“Have you seen my BANANAS yet?” – A conversation with Baek, a budding Korean artist
It seems Hyang-Mok Baek, South Korea-born, 25-years old artist, never had a proper introduction to bananas.
Tasting his first banana only a year ago when he resolved to buff himself up, Baek realized how hard it is to keep its golden color.
Baek put his first-ever banana into the fridge with a smile, thinking
‘Oh yeah, these bananas will be fresh for me tomorrow morning!’
Alas, next morning, he found that the bunch sneaked out to a tanning room over the night.
Bright yellow color was completely gone. They all turned into mix of brown and black!
Next batch, he put on the table, but found bruises on spots that held the weight.
“I loved banana’s deep-yellow color but then realized it was so sensitive,” Baek said.
“On the surface, it looks tough with it’s not-so-thin skin, with its beautiful yellow color.
But you gotta put them in room temperature and hang it somewhere, by itself, so it does not get bruises.
And this made me realize that twenty-somethings, like me, in Korea are like bananas.”
“When you are about twenty-something years old, you are naturally pretty, and of course young, strong, confident, and about to embark on something bigger than yourselves. But we are also most prone to get our feelings hurt. We are just out of school, or any other forms of comfortzones that we are so used to. Whatever people or society says to you, it’s hard to ignore or let go.
So I wanted to draw people I love, painting bananas as medium”
Kobe met Baek at Gana Space Gallery, where he had his first exhibition, in Insadong, a town known for numbers of galleries that exhibit works of rising and mature artists in Korea.
Now 25, Baek had his first exhibition. He says he is still too yellow, that he wants to ripen and be sweet.
[Q. How was preparing for your show?]
B: Since I chose banana as my focus of contemplation and started painting more than hundreds of them in my studio, all my friends and acquaintances started sending me boxes of banana, banana milk, and all different kinds of banana-flavored snacks that you can imagine.
At one point, I was like, ‘shit, I wish I drew steak. Then I would be having fillet mignon all day everyday haha.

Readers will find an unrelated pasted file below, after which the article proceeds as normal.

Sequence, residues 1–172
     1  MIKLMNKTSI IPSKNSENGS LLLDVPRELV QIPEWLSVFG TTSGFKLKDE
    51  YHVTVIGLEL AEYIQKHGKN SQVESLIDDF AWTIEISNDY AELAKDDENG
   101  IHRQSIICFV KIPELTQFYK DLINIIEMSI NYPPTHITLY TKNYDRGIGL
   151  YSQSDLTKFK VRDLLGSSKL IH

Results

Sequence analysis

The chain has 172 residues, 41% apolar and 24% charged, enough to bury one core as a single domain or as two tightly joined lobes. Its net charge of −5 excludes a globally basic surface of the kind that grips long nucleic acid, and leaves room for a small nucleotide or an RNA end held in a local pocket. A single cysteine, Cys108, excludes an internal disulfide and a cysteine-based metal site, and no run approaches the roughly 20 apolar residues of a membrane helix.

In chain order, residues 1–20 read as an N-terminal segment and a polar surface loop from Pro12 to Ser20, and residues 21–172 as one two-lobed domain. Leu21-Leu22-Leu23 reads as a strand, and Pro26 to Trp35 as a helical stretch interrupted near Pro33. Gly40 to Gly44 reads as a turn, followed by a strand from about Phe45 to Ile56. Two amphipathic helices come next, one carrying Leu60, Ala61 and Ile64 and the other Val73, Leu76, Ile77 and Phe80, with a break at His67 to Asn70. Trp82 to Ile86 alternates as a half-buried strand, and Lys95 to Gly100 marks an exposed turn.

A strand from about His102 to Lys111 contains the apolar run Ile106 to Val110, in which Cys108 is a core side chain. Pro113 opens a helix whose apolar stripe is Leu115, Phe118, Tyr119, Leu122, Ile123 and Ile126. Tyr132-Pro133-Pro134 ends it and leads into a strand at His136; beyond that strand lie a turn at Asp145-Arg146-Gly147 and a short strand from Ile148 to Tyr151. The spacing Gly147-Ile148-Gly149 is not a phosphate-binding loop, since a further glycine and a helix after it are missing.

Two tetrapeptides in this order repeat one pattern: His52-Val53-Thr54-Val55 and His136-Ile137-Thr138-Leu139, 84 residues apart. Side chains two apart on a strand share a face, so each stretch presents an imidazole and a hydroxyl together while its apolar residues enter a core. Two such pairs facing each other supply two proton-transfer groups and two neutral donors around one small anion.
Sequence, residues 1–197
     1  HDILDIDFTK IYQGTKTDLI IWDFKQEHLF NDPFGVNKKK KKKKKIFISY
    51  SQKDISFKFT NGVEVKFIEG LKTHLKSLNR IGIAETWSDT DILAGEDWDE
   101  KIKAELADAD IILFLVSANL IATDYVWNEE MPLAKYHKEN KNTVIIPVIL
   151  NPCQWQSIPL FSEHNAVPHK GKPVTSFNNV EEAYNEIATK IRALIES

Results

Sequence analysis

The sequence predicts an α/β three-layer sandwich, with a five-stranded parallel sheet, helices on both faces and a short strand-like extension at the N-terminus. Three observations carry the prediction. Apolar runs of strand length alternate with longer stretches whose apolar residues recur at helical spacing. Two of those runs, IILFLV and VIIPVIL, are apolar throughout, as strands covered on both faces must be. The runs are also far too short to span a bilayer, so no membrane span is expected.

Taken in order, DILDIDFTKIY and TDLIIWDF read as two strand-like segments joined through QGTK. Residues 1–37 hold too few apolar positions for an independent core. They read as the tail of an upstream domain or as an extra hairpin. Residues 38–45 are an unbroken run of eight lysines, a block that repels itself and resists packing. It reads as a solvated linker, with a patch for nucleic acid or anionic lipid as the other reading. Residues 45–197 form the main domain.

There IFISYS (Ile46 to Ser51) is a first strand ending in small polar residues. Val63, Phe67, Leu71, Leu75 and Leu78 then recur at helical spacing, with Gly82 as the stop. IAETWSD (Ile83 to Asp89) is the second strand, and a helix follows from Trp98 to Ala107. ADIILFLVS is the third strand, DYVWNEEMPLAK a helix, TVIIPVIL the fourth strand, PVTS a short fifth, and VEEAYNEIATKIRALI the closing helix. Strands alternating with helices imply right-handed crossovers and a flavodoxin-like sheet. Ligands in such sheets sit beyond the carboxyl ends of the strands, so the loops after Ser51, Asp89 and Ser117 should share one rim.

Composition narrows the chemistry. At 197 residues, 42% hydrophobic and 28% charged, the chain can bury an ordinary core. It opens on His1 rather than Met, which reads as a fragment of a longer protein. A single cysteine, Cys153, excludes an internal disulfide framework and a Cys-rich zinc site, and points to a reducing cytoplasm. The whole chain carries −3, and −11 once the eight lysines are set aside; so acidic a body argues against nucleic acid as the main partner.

Overall, preparing for the show was fun, but there were definitely hard times. I felt like I put myself into studio 24/7, sort of like a prisoner.
But I absolutely loved it there. Creating and creating…
Bananas are wearing suits, t shirts, hoodies, and hats. They got facial expressions.
These are personified-bananas of people that Baek loves.
B: So yeah, I wanted to paint people I love, in portraits.
So first, here are little ones. There are my family members, good friends, nuns… And characters in the movie that I love.
Then I wanted to do them in bigger size, and I made few changes.
In small portraits, they got facial-expressions. But here, in bigger portraits, face is composed with chips of color. I believe that colors are subjective. What I mean by that is, when you see color red, what comes to your mind is different from what comes to my mind, depending on one’s experience with red.
For someone, red might bring up feelings or images of love, for some blood, or warmth. Blue might bring up feelings of cool breeze, bright sky, or feeling blue.
So, I wanted to combine various colors, paint them only in lines and dots, and let viewers interpret the expression of each banana.
[This one was absolutely hilarious. I stared at it for awhile, thinking about the freedom the banana with sun-glasses must be, enjoying and what seems to be his Grim Reaper of the Ocean, approaching him. And no bananas are actually trying to help him.. All are just in gasp and screaming “Ohhhhhh noooo~~!!!!”]
B: After college, like everyone else, I got into job search, and with luck, I got into a good company. I thought,
‘well, I guess this is where I will try to go up the ladder.’
But, I felt something was wrong.
I was not satisfied at all, just ‘doing work’ at a place that I am supposed to be happy because the place was respected in the society and people around me thought I was a big shot.
So I said to myself that I shall do what I really want to do.
And it was painting. So, ‘Okay, let’s paint.’
And I quit my job, and all my friends were like,
‘You are doomed.’
‘Dude, you took a wrong turn…’
So the shark is expression of these cautionary and spirit-scraping words that people around me threw at me. I was confident with my decision, so I am deep into the ocean, away from the mainland.
Meanwhile, my friends are peacefully hanging out near the mainland with ducks, and only giving me caution with words, about what it seems to be a shark.
But you know, what seems to be a shark could not be a shark.
It could be someone just fooling around, or if it is a shark, it might not eat me, you know?
It might say, ‘shit, this banana doesn’t smell so good, move on to the bunches over there’ or
‘ah, a banana having a jolly time. i will let it have its fun.’
[I went to the gallery alone, and I LOLed. Right next to me, there were girls who came with friends, and were LOL-ing together. ‘Haha! It’s named 19-Geum.’ The title 19-Geum did a great job. ‘Geum’ in Korean means ‘banned’. So 19-Geum means anyone under 19 years old is banned/prohibited/not-allowed. It’s put on movies or songs that include sexual or violent content or explicit swears.]